Photographer Jill Peters traveled to the villages of northern Albania to document the last living followers of a dying tradition.
By Sarah Buder
Deep in the secluded villages of the Albanian Alps, women and girls have long had to make an extreme choice if they wanted to receive the same privileges as men.
It comes in the form of a binding pledge; a lifelong vow to live as a man, to dress as a man, to work as a man, to socialize among men, and thereby to receive power as men do in their patriarchal society. But the oath only allows women to assume the roles reserved for men in northern Albania under one condition: To become a burnesha, one must take a lifelong vow of celibacy, typically in front of village elders (and at a young age). This tradition was born out of a set of restrictive 15th-century laws known as the Kanun, which stated that a woman’s role was to take care of her children and home, and that her life was worth half that of a man’s—unless she was celibate.
Today, the observance of this more than 500-year-old practice is dying out as previously sequestered sections of the Balkan country become better connected to the modernizing world. But in northern Albania, even reaching parts of Montenegro and Kosovo, a small number of burneshas—an estimated 30 or fewer—still exist.
Photographer Jill Peters has devoted her career to exploring the way sexuality, identity, and culture intersect, and in 2009 she turned her lens toward Albania’s burneshas. Beginning that year until 2013, Peters made three trips to the country’s remote northern villages in search of this dwindling population. The resulting photo project, Sworn Virgins of Albania, documents the living members of a dying tradition.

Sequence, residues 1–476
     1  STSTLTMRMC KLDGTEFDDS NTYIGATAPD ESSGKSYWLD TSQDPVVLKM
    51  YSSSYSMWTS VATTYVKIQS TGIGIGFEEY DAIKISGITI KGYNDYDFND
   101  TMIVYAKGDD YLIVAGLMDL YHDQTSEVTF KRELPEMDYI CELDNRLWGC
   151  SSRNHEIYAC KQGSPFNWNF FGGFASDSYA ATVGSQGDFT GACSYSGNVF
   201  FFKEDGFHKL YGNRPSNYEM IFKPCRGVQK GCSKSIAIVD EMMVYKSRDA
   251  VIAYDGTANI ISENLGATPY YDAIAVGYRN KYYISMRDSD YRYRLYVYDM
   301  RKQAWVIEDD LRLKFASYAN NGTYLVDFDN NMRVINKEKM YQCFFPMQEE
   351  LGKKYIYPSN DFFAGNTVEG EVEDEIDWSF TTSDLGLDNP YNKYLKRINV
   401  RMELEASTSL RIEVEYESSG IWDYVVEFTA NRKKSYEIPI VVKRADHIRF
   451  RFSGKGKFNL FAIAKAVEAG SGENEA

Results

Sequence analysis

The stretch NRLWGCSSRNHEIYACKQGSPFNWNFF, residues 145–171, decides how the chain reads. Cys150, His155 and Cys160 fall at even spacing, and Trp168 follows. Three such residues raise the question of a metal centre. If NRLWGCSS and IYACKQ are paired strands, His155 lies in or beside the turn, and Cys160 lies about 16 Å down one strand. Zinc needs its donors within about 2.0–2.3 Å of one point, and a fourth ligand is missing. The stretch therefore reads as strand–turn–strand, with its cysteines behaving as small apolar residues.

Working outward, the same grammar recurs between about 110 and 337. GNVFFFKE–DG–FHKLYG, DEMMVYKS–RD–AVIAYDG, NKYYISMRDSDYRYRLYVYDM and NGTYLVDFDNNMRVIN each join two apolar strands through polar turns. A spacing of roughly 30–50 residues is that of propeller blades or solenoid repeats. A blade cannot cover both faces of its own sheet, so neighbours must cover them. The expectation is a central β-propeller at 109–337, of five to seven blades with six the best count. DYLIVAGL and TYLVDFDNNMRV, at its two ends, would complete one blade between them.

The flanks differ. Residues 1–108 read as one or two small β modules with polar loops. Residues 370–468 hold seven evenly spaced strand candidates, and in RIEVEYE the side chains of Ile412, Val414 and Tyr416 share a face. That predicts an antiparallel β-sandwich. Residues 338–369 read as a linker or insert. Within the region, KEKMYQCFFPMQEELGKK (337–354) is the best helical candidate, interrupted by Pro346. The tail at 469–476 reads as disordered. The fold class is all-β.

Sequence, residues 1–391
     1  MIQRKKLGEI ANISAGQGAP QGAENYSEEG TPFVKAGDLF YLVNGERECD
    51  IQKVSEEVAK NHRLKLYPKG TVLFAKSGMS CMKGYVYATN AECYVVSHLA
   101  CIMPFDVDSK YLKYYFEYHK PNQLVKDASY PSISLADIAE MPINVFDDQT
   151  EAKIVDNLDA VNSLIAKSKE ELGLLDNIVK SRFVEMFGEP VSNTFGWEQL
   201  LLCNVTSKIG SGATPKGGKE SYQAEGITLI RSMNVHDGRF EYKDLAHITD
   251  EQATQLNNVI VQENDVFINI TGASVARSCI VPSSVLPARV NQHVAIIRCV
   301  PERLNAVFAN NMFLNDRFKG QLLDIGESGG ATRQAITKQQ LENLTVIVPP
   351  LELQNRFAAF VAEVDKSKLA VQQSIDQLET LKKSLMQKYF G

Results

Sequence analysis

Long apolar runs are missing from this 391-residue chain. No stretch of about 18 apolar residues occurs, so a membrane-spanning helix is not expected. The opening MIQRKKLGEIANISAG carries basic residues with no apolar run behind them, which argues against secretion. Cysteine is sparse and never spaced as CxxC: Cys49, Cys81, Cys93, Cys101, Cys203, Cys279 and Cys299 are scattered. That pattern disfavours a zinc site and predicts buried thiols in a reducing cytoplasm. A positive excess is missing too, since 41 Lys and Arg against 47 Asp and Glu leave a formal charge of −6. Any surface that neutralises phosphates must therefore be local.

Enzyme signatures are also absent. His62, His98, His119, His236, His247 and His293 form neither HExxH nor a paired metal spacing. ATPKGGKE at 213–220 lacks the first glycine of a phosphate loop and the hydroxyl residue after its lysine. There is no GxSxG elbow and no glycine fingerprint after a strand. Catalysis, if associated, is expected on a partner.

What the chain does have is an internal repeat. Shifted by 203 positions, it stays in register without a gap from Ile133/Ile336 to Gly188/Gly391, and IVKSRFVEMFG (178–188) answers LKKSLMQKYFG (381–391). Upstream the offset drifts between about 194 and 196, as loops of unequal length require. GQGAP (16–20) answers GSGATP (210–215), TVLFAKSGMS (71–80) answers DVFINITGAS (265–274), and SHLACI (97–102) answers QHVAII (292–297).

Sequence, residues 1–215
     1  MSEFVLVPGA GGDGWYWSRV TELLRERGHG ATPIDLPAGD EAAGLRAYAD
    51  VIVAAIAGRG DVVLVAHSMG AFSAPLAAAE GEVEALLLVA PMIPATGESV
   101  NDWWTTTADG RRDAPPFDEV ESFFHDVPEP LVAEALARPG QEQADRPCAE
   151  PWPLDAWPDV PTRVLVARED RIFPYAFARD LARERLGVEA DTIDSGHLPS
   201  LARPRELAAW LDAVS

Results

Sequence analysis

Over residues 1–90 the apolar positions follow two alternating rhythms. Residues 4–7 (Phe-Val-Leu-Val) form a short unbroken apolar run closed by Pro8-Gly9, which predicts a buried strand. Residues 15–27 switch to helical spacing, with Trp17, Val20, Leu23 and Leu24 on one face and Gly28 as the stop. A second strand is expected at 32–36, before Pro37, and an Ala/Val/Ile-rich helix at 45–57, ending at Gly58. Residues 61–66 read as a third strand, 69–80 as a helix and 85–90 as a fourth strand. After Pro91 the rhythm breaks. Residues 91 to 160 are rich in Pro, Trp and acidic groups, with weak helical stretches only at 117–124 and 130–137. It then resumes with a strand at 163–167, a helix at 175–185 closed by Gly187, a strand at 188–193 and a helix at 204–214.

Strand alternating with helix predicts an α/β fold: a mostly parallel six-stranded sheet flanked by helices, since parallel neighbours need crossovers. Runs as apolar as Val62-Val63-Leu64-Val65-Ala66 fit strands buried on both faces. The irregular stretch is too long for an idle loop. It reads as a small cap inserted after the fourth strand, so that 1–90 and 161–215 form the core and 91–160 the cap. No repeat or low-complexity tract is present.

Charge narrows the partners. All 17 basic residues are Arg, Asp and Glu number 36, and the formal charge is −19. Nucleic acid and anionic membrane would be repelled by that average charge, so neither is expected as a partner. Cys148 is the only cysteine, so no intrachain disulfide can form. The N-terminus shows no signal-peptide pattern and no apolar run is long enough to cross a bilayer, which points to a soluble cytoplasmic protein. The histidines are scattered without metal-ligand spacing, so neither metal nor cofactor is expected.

Hajdari became a burnesha to look after his deceased brother’s family. He chose for Peters to photograph him outside of his house to convey his honor and success.
Peters wanted to understand, or attempt to understand, the lasting implications of this tribal code that was once so deeply ingrained in northern Albanian society before the last burneshas disappeared forever. “When I began planning this project in 2008, what interested me was the anthropological context,” Peters says. “At that time, the Western perspective regarding gender was so black and white—there was very little to be understood between male or female.” 

When Peters first arrived to Albania in 2009, she was surprised to learn that in the capital, Tirana, many people didn’t know of burneshas at all, and even those who were aware of the tradition thought it to be more folklore than fact. “Northern Albania was so geographically isolated from the rest of the country—and the world—until quite recently,” Peters says. “Now, there’s a tunnel, but at that time, to access the Albanian Alps from Tirana, we had to actually leave Albania, cross to Kosovo, and then come back down. That distance created a time warp in the area where this tribal code continued regardless of the advancements for women in the rest of the country.”

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